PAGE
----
In a separate study, Vahé Nafilyan and colleagues reanalysed the ONS data, and found that South Asians were more likely to die of Covid than white Brition for almost every combination of wave, country-of-origin and gender. Their results are shown in the chart below. Note: the only combination that didn’t yield a statistically significant difference when including the pre-pandemic health variables (as well as all the others) was Bangladeshi women during the first wave.
In another large study, based on a different dataset, Elizabeth Williamson and colleagues confirmed that South Asians were more likely to die of Covid than white British even when controlling for a large number of different health variables. However, when the same researchers disaggregated South Asians by country-of-origin, they found that the difference between Pakistanis and white British was no longer statistically significant. (The differences remained significant for Indians and Bangladeshis.) Once again, it’s important to note that their model controlled for some factors that might differ among ethnic groups for partly biological reasons.
Vahé Nafilyan and colleagues analysed data on Britons aged 65 and over from the first wave of the pandemic. They decomposed the elevated mortality risk among ethnic minorities into three components: the portion due to household composition; the portion due to geography, socio-economic and health variables; and the unexplained portion. Their results are shown in the chart below: the left-hand panel is for men; the right-hand panel is for women. They found that a non-trivial portion of South Asians’ elevated mortality risk went unexplained.
Obesity is an important risk factor for Covid mortality. Thomas Yates and colleagues examined whether the impact of obesity varies by ethnicity. They found that it was substantially larger among ethnic minorities, as shown in the chart below. Whites and South Asians with a healthy BMI were about equally likely to die of Covid. But among those with a BMI of more than 30 (the threshold for obesity), the risk of death was much higher among South Asians. It’s been suggested that some ethnic groups have a stronger inflammatory response to viral infection, and the authors speculate that this may be exacerbated by higher levels of adiposity.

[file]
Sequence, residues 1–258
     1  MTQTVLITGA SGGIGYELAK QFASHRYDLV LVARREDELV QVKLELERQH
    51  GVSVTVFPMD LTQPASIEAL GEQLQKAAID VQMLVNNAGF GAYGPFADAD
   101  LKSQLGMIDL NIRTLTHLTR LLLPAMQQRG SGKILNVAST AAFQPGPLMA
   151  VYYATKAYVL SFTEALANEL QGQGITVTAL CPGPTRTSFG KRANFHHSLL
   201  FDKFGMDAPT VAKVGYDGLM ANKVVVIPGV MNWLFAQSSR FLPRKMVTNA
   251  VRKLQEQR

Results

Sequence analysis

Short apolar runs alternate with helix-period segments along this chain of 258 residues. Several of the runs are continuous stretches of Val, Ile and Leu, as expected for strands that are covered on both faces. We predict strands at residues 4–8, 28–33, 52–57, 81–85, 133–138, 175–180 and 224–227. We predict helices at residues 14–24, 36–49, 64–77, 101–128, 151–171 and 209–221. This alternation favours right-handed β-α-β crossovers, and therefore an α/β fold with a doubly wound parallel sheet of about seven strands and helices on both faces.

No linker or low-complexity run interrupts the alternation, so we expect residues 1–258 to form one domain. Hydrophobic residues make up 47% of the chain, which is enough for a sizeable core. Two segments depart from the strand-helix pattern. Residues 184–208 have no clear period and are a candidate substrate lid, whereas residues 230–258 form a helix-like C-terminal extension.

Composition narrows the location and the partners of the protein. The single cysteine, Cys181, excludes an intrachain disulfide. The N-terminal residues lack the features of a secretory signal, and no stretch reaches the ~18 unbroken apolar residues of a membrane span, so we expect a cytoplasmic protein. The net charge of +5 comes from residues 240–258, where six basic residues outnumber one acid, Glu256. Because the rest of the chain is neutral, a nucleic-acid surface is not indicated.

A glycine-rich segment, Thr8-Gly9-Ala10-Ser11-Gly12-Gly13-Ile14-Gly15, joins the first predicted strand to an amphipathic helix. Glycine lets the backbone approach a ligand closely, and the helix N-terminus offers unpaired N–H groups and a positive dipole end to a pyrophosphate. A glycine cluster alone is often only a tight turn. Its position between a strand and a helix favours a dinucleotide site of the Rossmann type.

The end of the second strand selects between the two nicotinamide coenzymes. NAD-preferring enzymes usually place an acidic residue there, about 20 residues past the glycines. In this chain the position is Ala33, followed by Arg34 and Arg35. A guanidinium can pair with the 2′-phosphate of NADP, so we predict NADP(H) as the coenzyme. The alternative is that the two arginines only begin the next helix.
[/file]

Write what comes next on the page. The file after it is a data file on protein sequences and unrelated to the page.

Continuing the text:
So, several studies have found that South Asians have higher Covid death rates than white British, even after controlling for a range of socioeconomic factors. However, South Asians might simply have higher mortality in general, perhaps because of unhealthy lifestyles or barriers to accessing healthcare. Not so, it seems. Using a large dataset, Krishnan Bhaskaran and colleagues examined the factors associated with Covid death versus non-Covid death. As shown in the chart below, they found that South Asians were more likely to die of Covid but less likely to die of other causes. (The only exception was cardiovascular disease, where the difference was non-significant.)
It should be noted that one major study didn’t find much difference between the IFRs for different ethnic groups, based on data from the first wave. Helen Ward and colleagues estimated IFRs by combining death numbers with estimates of seroprevalence. Their results suggest that the elevated risk of death among South Asians is entirely attributable to higher rates of infection. However, the IFRs have very wide confidence intervals for ethnic minorities (e.g., 4% to 36% for Asian males aged over 65). So the study does not provide strong evidence that IFRs are equal; it merely doesn’t provide evidence that they are unequal. In addition, computing group-level IFRs is less precise than modelling individual data.